Christmas A Story
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It was in October that Mary Chavah burned over the grass of her lawn, and the flame ran free across the place where in Spring her wild flower bed was made. Two weeks later she had there a great patch of purple violets. And all Old Trail Town, which takes account of its neighbours' flowers, of the migratory birds, of eclipses, and the like, came to see the wonder.
"Mary Chavah!" said most of the village, "you're the luckiest woman alive. If a miracle was bound to happen, it'd get itself happened to you."
"That is miracles," Jenny wrote back. "They do come natural—we don't know how."
"At this rate," said Ellen Bourne, one of Mary's neighbours, "you'll be having roses bloom in your yard about Christmas time. For a Christmas present."
"I don't believe in Christmas," Mary said. "I thought you knew that. But I'll take the roses, though, if they come in the Winter," she added, with her queer flash of smile.
When it was dusk, or early in the morning, Mary Chavah, with her long shawl over her head, stooped beside the violets and loosened the earth about them with her whole hand, and as if she reverenced violets more than finger tips. And she thought:—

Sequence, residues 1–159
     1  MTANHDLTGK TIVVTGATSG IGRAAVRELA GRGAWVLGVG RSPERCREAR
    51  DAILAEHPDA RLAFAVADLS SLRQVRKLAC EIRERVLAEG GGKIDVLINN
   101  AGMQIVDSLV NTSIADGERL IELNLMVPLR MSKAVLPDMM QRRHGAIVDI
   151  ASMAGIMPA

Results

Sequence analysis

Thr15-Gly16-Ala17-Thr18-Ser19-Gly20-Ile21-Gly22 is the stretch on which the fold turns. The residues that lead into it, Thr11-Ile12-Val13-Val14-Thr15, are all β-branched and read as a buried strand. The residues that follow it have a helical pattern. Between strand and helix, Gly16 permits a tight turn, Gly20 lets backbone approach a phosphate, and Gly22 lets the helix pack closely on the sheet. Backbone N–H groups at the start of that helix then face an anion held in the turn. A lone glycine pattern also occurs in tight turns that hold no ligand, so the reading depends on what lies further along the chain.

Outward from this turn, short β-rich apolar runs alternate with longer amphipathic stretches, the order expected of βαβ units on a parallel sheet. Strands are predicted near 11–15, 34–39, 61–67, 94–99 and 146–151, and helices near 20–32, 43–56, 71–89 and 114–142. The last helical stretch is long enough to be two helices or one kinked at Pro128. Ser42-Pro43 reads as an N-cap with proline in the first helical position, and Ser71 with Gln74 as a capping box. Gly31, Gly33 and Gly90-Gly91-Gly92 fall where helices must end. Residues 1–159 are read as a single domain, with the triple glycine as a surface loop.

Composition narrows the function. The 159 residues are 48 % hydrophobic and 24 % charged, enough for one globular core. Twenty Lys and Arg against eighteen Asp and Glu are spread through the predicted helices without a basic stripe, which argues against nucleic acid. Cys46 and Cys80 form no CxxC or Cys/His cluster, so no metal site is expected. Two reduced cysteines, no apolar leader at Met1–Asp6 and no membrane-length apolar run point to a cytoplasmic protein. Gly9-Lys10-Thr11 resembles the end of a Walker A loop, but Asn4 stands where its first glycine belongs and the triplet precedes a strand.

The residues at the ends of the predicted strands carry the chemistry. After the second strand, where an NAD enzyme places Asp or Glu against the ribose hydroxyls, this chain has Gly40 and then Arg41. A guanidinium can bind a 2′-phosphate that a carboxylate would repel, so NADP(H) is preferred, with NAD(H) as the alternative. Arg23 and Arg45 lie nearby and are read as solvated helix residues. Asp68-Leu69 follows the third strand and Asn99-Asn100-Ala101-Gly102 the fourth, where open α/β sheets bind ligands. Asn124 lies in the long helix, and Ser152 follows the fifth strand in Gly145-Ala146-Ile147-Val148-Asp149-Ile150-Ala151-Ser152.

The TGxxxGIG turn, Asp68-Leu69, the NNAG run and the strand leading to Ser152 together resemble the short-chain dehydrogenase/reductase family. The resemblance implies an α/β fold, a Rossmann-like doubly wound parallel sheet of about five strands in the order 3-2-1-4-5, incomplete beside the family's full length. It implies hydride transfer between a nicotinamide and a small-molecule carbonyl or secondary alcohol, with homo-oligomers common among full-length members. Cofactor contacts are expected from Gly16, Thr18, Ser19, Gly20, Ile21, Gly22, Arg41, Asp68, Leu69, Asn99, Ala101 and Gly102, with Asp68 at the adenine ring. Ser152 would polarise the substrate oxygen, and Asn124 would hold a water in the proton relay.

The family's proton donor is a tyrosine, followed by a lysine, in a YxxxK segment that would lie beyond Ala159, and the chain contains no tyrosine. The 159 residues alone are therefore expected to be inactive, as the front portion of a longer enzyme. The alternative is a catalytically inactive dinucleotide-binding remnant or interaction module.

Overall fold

But whatever she thought about it, Mary kept in her heart. For it was as if not only Spring, but new life, or some other holy thing were nearer than one thought and had spoken to her, there on the edge of Winter.
And Old Trail Town asked itself:—
"Ain't Mary Chavah the funniest? Look how nice she is about everything—and yet you know she won't never keep Christmas at all. No, sir. She ain't kept a single Christmas in years. I donno why...."
Moving about on his little lawn in the dark, Ebenezer Rule was aware of two deeper shadows before him. They were between him and the leafless lilacs and mulberries that lined the street wall. A moment before he had been looking at that darkness and remembering how, once, as a little boy, he had slept there under the wall and had dreamed that he had a kingdom.
"Who is't?" he asked sharply.
"Hello, Ebenezer," said Simeon Buck, "it's only me and Abel. We're all."
Ebenezer Rule came toward them. It was so dark that they could barely distinguish each other. Their voices had to do it all.
"Oh, nothing," said Ebenezer, irritably, "not a thing."
He did not ask them to go in the house, and the three stood there awkwardly, handling the time like a blunt instrument. Then Simeon Buck, proprietor of the Simeon Buck North American Dry Goods Exchange, plunged into what they had come to say.
"Ebenezer," he said, with those variations of intonation which mean an effort to be delicate, "is—is there any likelihood that the factory will open up this Fall?"
"No, there ain't," Ebenezer said, like something shutting.
"Nor—nor this Winter?" Simeon pursued.
"No, sir," said Ebenezer, like something opening again to shut with a bang.
"Well, if you're sure—" said Simeon.
Ebenezer cut him short. "I'm dead sure," he said. "I've turned over my orders to my brother's house in the City. He can handle 'em all and not have to pay his men a cent more wages." And this was as if something had been locked....